For classes defined with the keyword struct, the default access modifier is public, so you could write:

struct World : State {};

and get something that both looks and behaves a bit like every other language with inheritance. But the struct keyword, and the fact that it defines a class, is really only there for compatibility with C. You won't find many C++ style guides that recommend using it just in order to get the default public accessibility - generally it's used only for classes which are POD, or perhaps only for classes with no member functions at all.

As for why C++ has private inheritance in the first place: for most purposes, private inheritance is a form of composition. Normal composition:

class World {
    State state;
    void foo() {;
        and so on

That is, the class World knows that it's implemented using a State, and the outside world doesn't know how World is implemented.


class World : private State {
    void foo() {
        and so on

That is, the class World knows that it's implemented by being a State, and the outside world doesn't know how it's implemented. But you can selectively expose parts of the interface of State by for example putting using State::bar; in the public part of World's definition. The effect is as if you'd laboriously written a function (or several overloads) in World, each of which delegates to the same function on State.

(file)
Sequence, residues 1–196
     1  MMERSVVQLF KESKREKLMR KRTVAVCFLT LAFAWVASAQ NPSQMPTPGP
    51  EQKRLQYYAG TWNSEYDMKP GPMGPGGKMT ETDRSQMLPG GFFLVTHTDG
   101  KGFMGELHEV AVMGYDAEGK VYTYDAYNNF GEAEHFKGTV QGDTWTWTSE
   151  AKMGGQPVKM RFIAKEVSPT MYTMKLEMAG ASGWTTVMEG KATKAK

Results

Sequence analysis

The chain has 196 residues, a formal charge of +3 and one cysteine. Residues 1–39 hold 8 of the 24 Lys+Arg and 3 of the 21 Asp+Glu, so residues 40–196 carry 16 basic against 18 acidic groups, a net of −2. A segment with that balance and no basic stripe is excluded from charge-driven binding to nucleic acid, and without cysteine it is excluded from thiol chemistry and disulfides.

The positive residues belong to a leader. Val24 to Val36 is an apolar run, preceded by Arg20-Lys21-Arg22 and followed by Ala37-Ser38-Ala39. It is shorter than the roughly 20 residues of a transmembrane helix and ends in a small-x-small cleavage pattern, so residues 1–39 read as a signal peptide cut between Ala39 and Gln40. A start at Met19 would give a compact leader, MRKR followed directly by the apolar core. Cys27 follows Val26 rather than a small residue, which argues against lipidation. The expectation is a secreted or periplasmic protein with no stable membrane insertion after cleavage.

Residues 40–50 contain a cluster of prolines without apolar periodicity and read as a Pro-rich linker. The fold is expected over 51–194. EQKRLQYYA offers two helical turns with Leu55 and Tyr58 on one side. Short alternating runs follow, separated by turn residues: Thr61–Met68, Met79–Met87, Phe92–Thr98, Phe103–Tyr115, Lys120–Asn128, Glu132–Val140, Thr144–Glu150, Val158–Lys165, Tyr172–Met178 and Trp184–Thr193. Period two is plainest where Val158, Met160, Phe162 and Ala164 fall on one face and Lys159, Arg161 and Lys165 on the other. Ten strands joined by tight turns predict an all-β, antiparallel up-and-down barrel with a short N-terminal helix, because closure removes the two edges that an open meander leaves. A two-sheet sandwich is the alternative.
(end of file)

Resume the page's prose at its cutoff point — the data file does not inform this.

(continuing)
Other than avoiding typing, though, one common use of private inheritance is when the class State is empty, i.e. has no data members. Then if it's a member of World it must occupy some space (admittedly, depending on the object layout this might be space that otherwise would just be padding, so it doesn't necessarily increase the size of World), but if it's a base class then a thing called the "empty base class optimization" kicks in, and it can be zero-size. If you're creating a lot of objects, this might matter. Private inheritance enables the optimization, but the outside world won't infer an "is-a" relationship, because it doesn't see the inheritance.